I believe there are some key questions left to be answered:

1) Why did Nature Biotechnology permit publication of a paper that presented mundane data in conjunction with amazing claims?
2) Is the manner by which science writers collect their information about scientific reports thorough enough?
3) Since it increases visibility of science in general, could it actually be better for science that the public gets this information? (Misrepresented as it may be.)
4) This conversation about stem cells is as polarized as ever. What is needed for the stem cell debate to de-escalate into a constructive discussion?


BuddhistValkyrie said...

Furthermore, what about the risks brought on by in vivo collection of the cells, not to mention the very high rate of abortion that is associated with non-positive amnio results?

This whole thing smacks, to me, of what happened with Hurlbut and altered nuclear transfer.

Which just proves journalists don't learn, any more than anyone else.

thomas said...

Thanks for your reply, Kelly. I agree with you about the analogy to Hurlbut. (He is the bioethicist who proposed the somatic cell nuclear transfer with altered nuclear transfer (SCNT-ANT) as a compromise between destroying embryos and generating embryonic stem cells that are unable to implant into the uterus. It looks like Hurlbut has set up a website that educates us about the technique.) It seems to me like everyone is looking for an easy solution to a problem that is still not entirely understood.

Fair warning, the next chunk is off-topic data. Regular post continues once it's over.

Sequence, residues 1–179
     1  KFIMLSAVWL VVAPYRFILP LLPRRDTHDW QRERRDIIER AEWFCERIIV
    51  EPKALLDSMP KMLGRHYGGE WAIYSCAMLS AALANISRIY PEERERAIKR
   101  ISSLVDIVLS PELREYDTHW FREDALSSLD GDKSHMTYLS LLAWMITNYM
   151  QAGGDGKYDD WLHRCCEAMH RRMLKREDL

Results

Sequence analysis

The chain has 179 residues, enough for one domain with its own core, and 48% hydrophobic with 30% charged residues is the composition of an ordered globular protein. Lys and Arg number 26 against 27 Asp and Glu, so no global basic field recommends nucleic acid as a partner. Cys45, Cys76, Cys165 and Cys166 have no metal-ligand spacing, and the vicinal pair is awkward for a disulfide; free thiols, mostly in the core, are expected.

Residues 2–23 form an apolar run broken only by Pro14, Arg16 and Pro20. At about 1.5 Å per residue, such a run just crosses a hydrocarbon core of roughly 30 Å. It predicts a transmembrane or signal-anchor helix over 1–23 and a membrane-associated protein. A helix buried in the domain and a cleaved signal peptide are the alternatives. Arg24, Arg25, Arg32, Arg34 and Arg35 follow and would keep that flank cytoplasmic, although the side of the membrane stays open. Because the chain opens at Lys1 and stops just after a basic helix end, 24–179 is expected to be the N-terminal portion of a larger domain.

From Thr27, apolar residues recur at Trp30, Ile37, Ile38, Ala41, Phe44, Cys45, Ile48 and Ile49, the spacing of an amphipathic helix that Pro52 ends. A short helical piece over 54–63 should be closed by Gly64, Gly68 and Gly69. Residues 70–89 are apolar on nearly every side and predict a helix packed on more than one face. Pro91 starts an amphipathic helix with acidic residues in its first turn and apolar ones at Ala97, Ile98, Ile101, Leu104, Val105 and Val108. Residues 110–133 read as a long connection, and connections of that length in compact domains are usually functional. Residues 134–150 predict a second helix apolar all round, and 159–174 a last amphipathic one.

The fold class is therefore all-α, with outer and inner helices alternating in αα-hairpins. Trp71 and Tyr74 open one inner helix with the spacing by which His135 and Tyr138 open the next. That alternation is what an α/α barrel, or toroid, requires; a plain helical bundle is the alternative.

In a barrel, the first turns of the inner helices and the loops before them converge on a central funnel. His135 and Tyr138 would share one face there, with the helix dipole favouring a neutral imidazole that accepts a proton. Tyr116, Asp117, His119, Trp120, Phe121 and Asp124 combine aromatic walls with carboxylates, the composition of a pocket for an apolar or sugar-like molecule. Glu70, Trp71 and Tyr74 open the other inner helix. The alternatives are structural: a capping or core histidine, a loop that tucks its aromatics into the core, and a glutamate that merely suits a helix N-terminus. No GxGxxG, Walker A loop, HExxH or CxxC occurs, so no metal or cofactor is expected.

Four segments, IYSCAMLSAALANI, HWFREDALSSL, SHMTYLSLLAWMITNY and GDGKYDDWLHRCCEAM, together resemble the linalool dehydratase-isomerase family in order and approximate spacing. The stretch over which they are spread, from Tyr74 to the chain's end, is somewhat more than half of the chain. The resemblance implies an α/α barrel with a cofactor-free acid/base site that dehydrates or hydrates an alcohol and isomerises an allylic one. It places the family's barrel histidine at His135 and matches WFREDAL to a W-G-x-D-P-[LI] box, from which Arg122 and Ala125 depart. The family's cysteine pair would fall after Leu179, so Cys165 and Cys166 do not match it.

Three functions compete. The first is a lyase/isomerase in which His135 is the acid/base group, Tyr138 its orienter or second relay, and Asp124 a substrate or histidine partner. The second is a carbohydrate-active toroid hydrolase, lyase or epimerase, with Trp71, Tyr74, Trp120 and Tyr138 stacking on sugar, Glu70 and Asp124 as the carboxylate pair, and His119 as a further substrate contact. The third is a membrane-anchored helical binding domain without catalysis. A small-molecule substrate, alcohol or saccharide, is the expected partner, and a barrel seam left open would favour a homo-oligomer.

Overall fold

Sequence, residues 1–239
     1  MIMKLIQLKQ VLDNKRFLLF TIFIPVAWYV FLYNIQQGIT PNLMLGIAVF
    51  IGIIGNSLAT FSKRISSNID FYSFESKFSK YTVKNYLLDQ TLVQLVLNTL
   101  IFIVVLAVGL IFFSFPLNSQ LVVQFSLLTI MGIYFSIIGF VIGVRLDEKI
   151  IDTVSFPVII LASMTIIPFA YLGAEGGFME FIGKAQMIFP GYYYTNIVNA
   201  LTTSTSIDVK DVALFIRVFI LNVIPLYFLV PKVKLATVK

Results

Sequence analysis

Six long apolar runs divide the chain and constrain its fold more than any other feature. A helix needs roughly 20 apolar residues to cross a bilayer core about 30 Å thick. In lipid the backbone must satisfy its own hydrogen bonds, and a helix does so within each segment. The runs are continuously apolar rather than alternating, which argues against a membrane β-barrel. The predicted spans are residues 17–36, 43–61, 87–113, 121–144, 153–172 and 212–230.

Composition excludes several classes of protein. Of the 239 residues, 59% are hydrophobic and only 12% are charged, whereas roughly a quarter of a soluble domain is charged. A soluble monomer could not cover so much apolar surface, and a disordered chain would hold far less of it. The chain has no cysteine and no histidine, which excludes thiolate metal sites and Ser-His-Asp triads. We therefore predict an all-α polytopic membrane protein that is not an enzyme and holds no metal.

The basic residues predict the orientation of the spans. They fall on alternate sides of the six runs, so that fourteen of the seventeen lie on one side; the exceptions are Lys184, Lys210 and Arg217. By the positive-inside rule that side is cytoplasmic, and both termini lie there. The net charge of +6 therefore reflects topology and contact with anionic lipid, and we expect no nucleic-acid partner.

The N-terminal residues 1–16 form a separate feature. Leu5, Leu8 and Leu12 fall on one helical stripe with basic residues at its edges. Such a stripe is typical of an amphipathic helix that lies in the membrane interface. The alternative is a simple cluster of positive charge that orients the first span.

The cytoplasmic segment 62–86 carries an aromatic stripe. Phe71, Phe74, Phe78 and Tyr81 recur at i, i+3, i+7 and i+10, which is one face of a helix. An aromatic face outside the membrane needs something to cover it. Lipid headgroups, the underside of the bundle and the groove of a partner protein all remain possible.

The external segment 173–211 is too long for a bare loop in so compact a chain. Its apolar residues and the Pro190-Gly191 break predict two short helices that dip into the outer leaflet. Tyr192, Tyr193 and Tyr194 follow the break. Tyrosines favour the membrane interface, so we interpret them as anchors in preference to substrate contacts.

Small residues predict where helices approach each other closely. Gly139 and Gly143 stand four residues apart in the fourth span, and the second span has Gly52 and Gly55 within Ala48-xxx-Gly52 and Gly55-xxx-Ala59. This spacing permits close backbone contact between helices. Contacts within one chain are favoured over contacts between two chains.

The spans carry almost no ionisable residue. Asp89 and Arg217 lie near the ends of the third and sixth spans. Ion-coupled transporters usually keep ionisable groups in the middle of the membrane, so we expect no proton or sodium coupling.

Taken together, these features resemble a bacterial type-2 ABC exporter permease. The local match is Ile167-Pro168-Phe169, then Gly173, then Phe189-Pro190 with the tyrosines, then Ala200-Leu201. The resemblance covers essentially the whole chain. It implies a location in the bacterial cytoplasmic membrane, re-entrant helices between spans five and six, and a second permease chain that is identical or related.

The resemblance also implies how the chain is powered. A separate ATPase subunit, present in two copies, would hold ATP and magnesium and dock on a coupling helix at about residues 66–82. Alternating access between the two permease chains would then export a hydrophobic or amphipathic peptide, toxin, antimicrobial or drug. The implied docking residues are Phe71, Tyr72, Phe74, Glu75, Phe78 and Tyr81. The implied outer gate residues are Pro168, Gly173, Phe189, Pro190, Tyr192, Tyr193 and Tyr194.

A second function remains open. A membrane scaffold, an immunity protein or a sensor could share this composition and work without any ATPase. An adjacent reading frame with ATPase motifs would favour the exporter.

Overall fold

I met Bill Hurlbut last summer. He is a nice guy and is genuinely interested in finding compromise between the factions debating embryonic stem cell research. Unfortunately, he has shut out all other arguments about the legitimacy of stem cell research. It was clear to me that he was so supportive of his technique that he had dismissed the potential biological limitations of the SCNT-ANT. (For example, are these cells even karyotypically normal? Will they develop into cell types in the same manner as ES cells? Rudolf Jaenisch and others are working on these questions, but we are far from the answers.) When I pointed out that embryonic stem cells cannot implant into the uterus either, he resorted to the defense of the frozen embryos that will be destroyed anyway. Also, he had no qualms about harvesting human eggs for the procedure. After all, an egg is not a human being. My question for him was whether the donor was a human being.

I think that Bill Hurlbut was successful in packaging a complex scientific technique into understandable terminology that politicians and pundits could run with in the name of ‘compromise.’ The experts in the SCNT-ANT method still will argue for continued support for ‘regular’ ES cell research, in the same way that Anthony Atala wrote a letter to congress stating that his paper should not be evidence to slow funding for ES cell work. The difference so far is that no one like Hurlbut has stepped up to be the amniotic stem cell champion.